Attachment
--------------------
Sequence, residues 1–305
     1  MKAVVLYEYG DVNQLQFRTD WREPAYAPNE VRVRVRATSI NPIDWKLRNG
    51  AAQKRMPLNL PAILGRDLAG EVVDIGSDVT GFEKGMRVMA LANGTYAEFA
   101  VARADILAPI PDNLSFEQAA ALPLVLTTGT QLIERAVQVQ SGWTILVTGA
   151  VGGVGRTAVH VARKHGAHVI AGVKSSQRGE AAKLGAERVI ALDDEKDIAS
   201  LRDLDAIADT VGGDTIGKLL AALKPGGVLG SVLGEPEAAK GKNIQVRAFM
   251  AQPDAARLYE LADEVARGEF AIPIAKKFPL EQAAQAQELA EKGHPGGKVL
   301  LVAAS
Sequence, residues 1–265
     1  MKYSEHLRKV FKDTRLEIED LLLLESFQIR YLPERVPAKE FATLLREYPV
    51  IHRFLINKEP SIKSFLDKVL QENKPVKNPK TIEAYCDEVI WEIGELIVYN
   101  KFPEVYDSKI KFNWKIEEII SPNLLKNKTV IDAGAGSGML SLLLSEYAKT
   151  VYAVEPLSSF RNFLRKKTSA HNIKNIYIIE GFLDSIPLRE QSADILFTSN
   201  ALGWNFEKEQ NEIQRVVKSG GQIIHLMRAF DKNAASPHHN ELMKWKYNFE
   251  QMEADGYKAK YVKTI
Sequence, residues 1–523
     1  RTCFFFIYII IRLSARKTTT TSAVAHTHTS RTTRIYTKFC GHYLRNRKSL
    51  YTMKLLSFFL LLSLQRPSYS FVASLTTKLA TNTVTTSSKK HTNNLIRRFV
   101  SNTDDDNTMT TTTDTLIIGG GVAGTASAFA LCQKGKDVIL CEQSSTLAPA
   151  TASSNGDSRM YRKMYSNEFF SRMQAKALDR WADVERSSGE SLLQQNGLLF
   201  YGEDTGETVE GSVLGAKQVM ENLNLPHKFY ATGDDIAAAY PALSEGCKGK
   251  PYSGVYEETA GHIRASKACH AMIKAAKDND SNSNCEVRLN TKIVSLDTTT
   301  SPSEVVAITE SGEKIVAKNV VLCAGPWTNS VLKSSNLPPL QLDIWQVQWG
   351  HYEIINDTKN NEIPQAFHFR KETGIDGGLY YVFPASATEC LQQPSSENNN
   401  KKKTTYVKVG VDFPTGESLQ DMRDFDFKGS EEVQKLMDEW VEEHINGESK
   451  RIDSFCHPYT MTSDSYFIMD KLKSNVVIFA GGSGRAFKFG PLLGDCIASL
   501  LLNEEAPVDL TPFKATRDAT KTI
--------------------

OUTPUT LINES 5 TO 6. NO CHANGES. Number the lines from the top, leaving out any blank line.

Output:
   151  VGGVGRTAVH VARKHGAHVI AGVKSSQRGE AAKLGAERVI ALDDEKDIAS
   201  LRDLDAIADT VGGDTIGKLL AALKPGGVLG SVLGEPEAAK GKNIQVRAFM